Learn how to effectively apply the elements and methods of Six Sigma. Understand how more than 25 tools and methods relate to the DMAIC (define, measure, analyze, improve, and control) model. Determine the relationship of basic statistics to Six Sigma and learn about the Six Sigma business case including strategic planning, the voice of the customer (VOC), quality function deployment (QFD), benchmarking, and financial investment methods. Discover how to use brainstorming, Pareto charts, and critical to quality to help define processes, problems, and opportunities. Master the use of other key tools such as cause and effect diagrams, checksheets, scatter diagrams, failure mode and effects analysis (FMEA), and force field analysis. Learn the basics of advanced Six Sigma tools such as design of experiments (DOE), analysis of variance (ANOVA), hypothesis testing, control charts, and probability distributions.
Prerequisite: Total Quality Fundamentals (or equivalent experience)
- Learn how the define, measure, analyze, improve, control (DMAIC) model helps you use Six Sigma and understand how to apply basic statistics.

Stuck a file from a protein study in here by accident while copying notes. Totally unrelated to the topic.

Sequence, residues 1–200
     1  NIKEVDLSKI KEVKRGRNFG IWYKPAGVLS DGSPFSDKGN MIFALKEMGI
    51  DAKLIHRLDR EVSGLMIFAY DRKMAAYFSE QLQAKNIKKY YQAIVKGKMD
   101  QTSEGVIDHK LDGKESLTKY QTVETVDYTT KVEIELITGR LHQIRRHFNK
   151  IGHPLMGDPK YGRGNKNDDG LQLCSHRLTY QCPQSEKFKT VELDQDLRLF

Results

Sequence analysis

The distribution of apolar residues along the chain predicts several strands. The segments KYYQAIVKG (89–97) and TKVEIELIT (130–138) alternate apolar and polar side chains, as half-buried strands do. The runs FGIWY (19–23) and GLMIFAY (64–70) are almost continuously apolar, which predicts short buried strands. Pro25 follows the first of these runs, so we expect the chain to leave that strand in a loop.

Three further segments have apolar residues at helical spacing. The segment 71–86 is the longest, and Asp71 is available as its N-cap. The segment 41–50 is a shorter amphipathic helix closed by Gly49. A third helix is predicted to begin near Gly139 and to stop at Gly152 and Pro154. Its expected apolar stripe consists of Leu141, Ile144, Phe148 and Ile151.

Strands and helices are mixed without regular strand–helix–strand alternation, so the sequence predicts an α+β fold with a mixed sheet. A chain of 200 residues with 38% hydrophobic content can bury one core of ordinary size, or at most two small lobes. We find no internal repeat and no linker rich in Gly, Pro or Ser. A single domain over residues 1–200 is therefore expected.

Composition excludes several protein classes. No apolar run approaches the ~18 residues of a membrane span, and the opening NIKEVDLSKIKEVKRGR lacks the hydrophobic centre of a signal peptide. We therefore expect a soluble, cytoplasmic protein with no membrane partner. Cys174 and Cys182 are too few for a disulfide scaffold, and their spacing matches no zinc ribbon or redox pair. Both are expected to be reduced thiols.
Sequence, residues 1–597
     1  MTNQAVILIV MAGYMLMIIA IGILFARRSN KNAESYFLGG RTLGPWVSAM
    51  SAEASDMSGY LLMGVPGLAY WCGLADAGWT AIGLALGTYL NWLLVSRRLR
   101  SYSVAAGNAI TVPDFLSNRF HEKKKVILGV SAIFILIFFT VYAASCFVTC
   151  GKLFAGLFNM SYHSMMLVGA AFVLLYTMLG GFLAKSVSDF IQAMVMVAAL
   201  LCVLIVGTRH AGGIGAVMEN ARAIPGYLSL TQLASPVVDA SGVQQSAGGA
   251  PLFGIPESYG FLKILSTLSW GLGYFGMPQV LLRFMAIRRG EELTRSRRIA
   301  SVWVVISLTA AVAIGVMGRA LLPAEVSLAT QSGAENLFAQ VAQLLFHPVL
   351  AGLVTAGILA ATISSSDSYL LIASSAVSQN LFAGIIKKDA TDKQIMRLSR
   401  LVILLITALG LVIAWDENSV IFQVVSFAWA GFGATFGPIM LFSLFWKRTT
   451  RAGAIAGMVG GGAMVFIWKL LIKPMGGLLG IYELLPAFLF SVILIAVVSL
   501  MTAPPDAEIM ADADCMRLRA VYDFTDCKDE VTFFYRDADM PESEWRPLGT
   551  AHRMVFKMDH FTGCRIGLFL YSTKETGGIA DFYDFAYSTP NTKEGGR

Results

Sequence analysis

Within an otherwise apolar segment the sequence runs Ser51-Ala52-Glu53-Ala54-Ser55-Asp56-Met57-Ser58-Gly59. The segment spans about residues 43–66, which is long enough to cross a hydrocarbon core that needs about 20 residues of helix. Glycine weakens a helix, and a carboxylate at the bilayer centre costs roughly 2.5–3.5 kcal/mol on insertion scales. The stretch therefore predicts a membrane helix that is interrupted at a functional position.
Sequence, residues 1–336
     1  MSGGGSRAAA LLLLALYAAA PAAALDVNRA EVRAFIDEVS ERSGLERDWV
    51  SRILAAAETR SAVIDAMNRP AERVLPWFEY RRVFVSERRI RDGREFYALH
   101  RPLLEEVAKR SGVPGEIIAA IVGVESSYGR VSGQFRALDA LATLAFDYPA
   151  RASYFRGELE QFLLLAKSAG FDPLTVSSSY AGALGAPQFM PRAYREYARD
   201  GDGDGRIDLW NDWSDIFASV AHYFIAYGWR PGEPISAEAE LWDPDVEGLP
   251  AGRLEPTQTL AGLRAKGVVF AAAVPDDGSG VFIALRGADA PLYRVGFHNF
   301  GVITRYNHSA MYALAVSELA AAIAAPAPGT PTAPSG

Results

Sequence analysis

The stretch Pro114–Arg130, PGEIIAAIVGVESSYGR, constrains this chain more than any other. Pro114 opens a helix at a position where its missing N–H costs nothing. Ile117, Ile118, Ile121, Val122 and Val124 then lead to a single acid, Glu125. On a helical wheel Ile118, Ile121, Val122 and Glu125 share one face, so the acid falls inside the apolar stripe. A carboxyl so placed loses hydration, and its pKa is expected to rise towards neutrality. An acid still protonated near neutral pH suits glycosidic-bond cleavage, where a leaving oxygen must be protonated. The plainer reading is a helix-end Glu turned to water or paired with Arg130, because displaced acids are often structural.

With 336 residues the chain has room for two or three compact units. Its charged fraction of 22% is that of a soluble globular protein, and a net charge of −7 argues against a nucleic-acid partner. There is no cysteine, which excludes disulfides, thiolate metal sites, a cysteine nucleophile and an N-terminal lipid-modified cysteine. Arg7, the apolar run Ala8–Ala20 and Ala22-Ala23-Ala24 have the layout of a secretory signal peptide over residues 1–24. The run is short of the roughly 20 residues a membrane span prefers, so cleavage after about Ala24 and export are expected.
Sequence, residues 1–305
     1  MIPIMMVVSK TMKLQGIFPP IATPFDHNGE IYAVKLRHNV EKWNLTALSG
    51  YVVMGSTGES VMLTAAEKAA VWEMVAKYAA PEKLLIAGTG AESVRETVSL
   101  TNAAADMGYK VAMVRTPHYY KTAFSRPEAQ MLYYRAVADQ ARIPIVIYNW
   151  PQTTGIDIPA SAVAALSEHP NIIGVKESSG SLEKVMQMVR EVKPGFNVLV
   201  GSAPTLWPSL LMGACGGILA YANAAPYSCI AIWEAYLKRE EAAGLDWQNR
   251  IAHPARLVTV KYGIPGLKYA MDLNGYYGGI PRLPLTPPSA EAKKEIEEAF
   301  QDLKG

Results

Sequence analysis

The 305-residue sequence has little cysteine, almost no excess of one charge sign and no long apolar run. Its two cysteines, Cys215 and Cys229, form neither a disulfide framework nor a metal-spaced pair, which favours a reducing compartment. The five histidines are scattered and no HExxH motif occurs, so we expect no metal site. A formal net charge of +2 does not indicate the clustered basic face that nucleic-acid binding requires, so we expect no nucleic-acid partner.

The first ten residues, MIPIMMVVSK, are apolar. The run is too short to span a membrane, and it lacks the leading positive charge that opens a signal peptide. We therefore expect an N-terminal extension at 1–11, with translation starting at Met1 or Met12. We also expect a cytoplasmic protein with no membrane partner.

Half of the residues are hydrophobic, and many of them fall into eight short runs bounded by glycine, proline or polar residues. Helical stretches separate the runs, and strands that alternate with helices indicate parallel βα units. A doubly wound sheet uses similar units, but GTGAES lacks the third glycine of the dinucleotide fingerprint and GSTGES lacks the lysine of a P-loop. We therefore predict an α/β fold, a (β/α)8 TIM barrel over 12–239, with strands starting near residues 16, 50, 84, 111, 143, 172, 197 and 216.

- Understand the elements of the business case for Six Sigma including strategic planning, the voice of the customer (VOC), quality function deployment (QFD), benchmarking, and financial investment methods.
- Determine how Six Sigma metrics, brainstorming methods, Pareto charts, and critical to quality help define processes, problems, and opportunities.
- Learn the basics of probability distributions, the power of failure mode and effects analysis (FMEA), and physical measurement.
- Optimize the A element of DMAIC—analyze—by using key tools including regression analysis, cause and effect diagrams, force field analysis, checksheets, and scatter diagrams.
- Find out the basics of flowcharts, learn how to test hypotheses, and examine analysis of variance (ANOVA).
- Discover the power of a work breakdown structure (WBS), Gantt charts, and network scheduling methods.
- Learn the ins and outs of design of experiments (DOE) and find out how you can apply it at your company.
Note: At the end of this course, you'll receive a certificate indicating the number of hours of this course, which you can then record with the Project Management Institute (PMI®). Please visit www.pmi.org to learn more about Project Management Institute (PMI®)'s credentials and how they may fit into your continuing education plans.
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